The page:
We attended trade shows in search of ideas. At one for horticultural growers, somebody told us about an industrywide problem: spacing out pots. Roughly two billion ornamental plants are sold every year. Those plants start out as seedlings in pots that are generally packed close together to maximize space. As they grow, they need more room and the pots must be separated, sometimes over and over as the plants get bigger. People--typically migrant workers--have to bend down and move those pots, keeping the spaces between them consistent. They do this in all weather conditions, risking repetitive stress injuries. The optimal jobs for robots are dirty, dull, and dangerous. This one qualified on all three fronts.
Testing the waters
Before developing the robot, we talked with potential customers. They were eager to get something like this, because they have trouble finding people willing to do the job.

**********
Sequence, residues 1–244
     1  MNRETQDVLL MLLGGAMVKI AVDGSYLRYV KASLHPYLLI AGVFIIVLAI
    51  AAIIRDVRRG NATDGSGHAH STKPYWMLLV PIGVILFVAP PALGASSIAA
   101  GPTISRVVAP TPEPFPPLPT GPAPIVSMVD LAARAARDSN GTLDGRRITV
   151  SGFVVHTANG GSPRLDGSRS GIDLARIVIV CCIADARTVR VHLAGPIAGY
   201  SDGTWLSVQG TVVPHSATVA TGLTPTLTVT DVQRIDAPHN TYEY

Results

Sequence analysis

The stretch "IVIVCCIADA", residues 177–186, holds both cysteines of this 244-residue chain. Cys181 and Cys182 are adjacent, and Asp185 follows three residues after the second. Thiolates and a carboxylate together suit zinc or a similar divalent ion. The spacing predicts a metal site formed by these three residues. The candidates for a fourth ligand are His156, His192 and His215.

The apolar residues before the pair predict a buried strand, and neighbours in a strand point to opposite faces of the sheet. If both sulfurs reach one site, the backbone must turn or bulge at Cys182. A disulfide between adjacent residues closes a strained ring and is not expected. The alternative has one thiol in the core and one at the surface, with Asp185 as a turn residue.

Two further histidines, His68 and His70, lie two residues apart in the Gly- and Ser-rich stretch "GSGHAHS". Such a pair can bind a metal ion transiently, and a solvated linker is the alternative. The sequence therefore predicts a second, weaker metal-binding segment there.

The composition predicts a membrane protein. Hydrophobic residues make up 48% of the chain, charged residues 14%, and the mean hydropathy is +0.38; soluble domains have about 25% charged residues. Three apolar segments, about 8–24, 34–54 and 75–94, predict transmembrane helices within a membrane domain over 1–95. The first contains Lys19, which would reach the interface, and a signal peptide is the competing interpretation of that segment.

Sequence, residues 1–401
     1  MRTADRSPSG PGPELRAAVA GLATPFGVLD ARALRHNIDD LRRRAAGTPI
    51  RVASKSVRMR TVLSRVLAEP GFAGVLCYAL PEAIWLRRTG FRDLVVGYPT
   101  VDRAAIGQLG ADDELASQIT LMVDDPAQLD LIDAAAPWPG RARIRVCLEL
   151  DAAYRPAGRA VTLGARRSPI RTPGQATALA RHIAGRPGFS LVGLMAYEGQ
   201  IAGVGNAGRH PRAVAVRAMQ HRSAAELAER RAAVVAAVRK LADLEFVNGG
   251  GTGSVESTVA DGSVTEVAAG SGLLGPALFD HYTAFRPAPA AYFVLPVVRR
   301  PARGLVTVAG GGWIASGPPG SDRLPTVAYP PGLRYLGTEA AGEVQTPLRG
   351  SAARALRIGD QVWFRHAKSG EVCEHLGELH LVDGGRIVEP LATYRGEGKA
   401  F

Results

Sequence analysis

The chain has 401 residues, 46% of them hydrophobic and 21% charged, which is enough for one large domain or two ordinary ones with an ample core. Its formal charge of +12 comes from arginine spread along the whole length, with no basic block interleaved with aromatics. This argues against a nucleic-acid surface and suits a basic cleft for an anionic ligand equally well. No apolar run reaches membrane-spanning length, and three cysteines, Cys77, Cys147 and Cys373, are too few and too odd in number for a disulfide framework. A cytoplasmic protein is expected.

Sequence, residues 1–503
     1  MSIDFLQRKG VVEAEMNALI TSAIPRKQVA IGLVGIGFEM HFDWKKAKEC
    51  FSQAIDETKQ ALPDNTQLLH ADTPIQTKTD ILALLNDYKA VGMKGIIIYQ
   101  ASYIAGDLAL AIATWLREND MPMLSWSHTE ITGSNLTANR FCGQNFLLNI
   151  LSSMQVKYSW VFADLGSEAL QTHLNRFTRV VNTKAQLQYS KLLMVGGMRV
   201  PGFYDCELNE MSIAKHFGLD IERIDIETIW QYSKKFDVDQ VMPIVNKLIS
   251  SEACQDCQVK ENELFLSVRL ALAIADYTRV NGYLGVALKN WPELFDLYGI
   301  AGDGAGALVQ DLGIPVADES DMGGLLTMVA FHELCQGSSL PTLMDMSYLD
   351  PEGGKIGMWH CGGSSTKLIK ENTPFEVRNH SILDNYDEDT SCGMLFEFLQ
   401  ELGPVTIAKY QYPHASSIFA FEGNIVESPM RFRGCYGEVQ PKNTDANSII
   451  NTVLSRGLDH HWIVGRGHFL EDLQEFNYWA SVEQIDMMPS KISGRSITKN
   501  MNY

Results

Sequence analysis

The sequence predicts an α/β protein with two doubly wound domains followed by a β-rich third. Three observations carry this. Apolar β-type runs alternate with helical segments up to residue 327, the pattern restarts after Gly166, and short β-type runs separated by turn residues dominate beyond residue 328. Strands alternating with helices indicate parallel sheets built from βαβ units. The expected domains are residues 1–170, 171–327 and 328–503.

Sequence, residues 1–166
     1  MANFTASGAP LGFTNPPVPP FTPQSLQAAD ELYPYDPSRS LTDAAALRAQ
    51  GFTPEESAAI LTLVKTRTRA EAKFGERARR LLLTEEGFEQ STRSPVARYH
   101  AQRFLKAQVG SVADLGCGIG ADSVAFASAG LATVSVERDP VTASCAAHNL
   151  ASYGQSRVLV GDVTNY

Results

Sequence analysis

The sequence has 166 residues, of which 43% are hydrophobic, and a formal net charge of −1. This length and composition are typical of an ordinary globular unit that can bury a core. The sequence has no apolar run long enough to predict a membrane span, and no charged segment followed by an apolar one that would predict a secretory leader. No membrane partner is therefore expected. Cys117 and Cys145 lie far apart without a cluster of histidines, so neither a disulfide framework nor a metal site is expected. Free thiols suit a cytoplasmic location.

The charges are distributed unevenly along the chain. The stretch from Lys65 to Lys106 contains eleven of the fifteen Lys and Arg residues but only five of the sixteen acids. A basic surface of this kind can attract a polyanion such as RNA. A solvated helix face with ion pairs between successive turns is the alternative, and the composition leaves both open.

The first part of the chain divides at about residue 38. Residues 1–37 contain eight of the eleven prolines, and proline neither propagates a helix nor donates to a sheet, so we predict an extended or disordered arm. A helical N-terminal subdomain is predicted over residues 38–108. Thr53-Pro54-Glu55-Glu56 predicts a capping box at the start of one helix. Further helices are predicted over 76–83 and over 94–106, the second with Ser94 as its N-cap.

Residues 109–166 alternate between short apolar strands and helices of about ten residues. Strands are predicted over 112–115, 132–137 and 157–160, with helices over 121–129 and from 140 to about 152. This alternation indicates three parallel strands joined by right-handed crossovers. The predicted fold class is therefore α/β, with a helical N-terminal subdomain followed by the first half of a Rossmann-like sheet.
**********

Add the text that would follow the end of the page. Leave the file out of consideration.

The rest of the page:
We created a partner program so we'd have a better understanding of how the robots fit into the workflow. Growers could pay $20,000 to participate, which would go toward the purchase price of a robot. About a dozen companies signed up, and we tested the robots onsite at about half of them.
As a result of those tests, we made several changes. We repeatedly modified the software and hardware until our robots could negotiate bumps, ruts, and gravel.
We think our robots could be of use on farms, too. We started a pilot program in California to study the potential for growing specialty food crops--such as strawberries and tomatoes--in pots and using robots to space them out. That would make it faster and easier for farmers to go organic. They would no longer be restricted by the soil on the ground but could instead fill pots with the requisite growing media. The robots couldn't harvest the food, but they could carry the pots in to workers to do the picking, which would prevent injuries. That process would also allow farmers to plant more crops, because robots don't need space to walk between plants. Farmers could fit 30 percent more strawberries on an acre of land, according to our calculations.